Chipotle being asked by shareholders to provide sustainability report; movement to be voted on at company's annual meeting in May
March 5, 2014
– Chipotle Mexican Grill Inc., which touts its natural ingredients and humanely raised meat, is being asked to show whether it practices what it preaches.
Up for a vote at the company’s annual meeting in May will be a proposal forcing Chipotle to create a yearly sustainability report with information on its Food With Integrity program, energy use, waste management and labor standards. The 1,550- store burrito chain founded by Co-CEO Steve Ells has for more than a decade touted its sustainable-farming initiative and recently created an Internet show called “Farmed And Dangerous” that criticizes industrial agriculture.
“They’ve really put their brand behind this message of sustainability and better farming techniques and cleaner agriculture,” said Adam Kanzer, managing director at Domini Social Investments LLC in New York, one of the resolution’s filers. “We want to understand: Is it true? How is it done? How do you manage it?”
Chipotle failed to reach an agreement on the additional disclosures with Domini and Boston-based Trillium Asset Management LLC, the proposal’s other filer. That means a sustainability-reporting resolution will go on Chipotle’s proxy statement. Domini owned 5,835 shares of Chipotle as of Sept. 30, according to data compiled by Bloomberg.
While Denver-based Chipotle doesn’t produce such a report, its website has facts about its food standards. About 56 percent of Standard & Poor’s 500 Index companies provide a corporate sustainability report, according to GMI Ratings, which evaluates governance risks at public companies. GMI’s latest report on Chipotle said the company “has been flagged for disclosure weakness relative to peers” in terms of its environmental reporting.
“We have never done formal sustainability reporting quite simply because we have finite resources,” Chris Arnold, a Chipotle spokesman, said in an e-mail. “We’d rather invest those resources in doing things that actually drive change, than in talking about that change.”
Chipotle’s website defines naturally raised animals as those that are “raised in a humane way, fed a vegetarian diet, never given hormones, and allowed to display their natural tendencies.” It defines local produce as being grown on farms within 350 miles (560 kilometers) of a restaurant. Additionally, the company has committed to making its food free of genetically modified organisms this year.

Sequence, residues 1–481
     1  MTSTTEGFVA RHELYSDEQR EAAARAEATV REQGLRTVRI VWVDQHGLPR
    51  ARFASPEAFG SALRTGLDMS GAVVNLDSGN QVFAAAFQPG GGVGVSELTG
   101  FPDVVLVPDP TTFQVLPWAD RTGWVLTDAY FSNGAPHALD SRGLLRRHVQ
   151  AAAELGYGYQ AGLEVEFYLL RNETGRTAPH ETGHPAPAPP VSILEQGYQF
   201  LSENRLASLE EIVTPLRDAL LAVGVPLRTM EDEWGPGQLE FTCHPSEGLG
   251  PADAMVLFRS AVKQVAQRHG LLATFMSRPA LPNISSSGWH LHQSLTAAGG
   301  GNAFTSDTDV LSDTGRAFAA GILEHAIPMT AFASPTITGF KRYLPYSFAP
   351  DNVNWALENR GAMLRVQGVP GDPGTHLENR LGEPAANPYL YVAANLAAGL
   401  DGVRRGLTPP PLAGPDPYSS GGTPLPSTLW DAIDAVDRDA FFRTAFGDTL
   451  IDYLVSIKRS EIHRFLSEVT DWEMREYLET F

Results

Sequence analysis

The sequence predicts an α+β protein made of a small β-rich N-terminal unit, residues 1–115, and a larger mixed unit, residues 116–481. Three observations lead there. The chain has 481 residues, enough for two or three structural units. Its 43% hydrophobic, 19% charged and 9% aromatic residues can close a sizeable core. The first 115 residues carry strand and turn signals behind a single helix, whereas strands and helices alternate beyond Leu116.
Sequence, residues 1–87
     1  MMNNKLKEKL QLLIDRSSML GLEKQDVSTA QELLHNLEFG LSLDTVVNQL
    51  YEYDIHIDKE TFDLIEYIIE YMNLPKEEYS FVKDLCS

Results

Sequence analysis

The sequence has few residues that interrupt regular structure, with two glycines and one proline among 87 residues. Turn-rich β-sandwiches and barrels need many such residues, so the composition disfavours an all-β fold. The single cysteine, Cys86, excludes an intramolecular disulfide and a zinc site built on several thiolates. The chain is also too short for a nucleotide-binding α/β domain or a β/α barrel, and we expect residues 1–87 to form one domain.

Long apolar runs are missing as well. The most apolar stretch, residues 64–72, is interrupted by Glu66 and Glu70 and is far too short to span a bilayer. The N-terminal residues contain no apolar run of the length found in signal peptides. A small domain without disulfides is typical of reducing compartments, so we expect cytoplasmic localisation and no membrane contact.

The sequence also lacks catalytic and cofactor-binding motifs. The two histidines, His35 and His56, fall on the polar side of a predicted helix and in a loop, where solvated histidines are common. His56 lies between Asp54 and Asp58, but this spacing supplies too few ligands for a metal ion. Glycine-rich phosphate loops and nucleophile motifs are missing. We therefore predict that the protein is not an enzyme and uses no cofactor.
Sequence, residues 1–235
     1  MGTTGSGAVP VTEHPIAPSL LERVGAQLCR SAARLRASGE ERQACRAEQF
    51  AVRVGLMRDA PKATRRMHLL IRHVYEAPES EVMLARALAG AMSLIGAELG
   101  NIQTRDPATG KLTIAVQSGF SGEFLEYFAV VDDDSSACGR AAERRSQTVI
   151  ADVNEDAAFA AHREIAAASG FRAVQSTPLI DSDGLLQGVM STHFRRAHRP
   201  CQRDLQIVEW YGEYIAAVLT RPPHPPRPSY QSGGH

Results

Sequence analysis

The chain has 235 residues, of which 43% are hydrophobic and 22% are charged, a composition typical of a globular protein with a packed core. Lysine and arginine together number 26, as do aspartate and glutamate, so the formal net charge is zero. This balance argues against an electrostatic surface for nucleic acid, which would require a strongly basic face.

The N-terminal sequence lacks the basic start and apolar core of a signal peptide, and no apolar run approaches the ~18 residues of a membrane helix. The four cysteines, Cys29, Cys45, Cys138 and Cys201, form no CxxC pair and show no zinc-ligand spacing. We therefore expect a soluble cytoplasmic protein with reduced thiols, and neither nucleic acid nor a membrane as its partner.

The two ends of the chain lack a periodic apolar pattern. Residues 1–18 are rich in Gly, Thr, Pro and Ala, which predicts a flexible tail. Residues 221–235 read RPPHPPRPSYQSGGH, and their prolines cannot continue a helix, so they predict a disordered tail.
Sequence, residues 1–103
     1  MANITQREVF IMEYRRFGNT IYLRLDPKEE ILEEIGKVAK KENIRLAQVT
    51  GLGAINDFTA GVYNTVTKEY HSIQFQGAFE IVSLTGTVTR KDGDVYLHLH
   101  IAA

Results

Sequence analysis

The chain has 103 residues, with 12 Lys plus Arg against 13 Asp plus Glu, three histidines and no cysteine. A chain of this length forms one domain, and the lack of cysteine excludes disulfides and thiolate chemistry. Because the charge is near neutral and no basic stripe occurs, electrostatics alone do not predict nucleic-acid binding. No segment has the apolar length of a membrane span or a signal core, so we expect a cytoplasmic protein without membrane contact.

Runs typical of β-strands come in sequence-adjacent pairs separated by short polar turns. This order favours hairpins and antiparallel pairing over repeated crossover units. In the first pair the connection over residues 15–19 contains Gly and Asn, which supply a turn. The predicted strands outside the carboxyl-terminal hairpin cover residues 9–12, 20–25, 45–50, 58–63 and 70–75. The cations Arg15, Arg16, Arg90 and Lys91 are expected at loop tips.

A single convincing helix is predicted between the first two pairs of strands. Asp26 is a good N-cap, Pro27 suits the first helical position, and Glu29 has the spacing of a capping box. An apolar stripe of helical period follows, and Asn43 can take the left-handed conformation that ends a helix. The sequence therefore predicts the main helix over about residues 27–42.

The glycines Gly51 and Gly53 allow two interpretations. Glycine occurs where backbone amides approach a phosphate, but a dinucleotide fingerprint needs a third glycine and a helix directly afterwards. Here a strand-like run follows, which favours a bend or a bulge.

Trillium and Domini are asking that Chipotle, along with more disclosure about the company’s farming standards, give shareholders more information on its carbon footprint, such as food packaging and store water use, as well as labor practices.
Chipotle’s green efforts aren’t widely known, said Sara Senatore, a New York-based analyst at Sanford C. Bernstein & Co. who has the equivalent of a buy rating on the shares.
“If there’s something that increases awareness of what they’re doing, it’s probably positive” and may even attract new customers, she said. “People care about sustainability.”
Ells, who founded Chipotle about two decades ago, in 1999 began buying naturally raised pork to start the chain’s Food With Integrity program, according to the company’s website. In 2009, Ells spoke to the U.S. Congress to support a bill designed to limit antibiotic use in farm animals.
Chipotle, which doesn’t spend much money on advertising relative to other dining chains, has created short, animated films to educate Americans about industrial farming. It also has sponsored festivals with organic fare and local food and drink purveyors.
That strategy has largely paid off. Chipotle’s sales have more than doubled during the past four years, reaching $3.21 billion in 2013. The stock jumped 79 percent last year, while the Standard & Poor’s 500 Restaurants Index gained 23 percent.
Last year, the company said it was considering changing its standards to let it serve beef treated with antibiotics due to illness. There haven’t been any changes to the company’s beef standards, Arnold said.
Chipotle recently hasn’t been able to get enough sustainably raised beef to meet demand and is looking at ways to increase its supply of naturally raised beef including finding new suppliers and using different cuts of meat, Arnold said. Chipotle will “continue to let our customers know when we don’t have enough naturally raised beef,” he said.
Last year, 86 percent of beef, 99 percent of chicken and all of the pork Chipotle sold was what it defines as naturally raised. In total, 94 percent of all the meat it sold was naturally raised, less than the 99.9 percent in 2012.
“They’re not terribly transparent with setting goals and targets within the Food With Integrity program,” said Susan Baker, vice president of shareholder advocacy and corporate engagement at Trillium, which first contacted Chipotle in 2008 about its pesticide policies.
“They could really benefit and improve their credibility around the Food With Integrity philosophy with more meaningful reporting,” she said.
--Editors: Kevin Orland, John Lear
To contact the reporter on this story: Leslie Patton in Chicago at firstname.lastname@example.org
To contact the editor responsible for this story: Nick Turner at email@example.com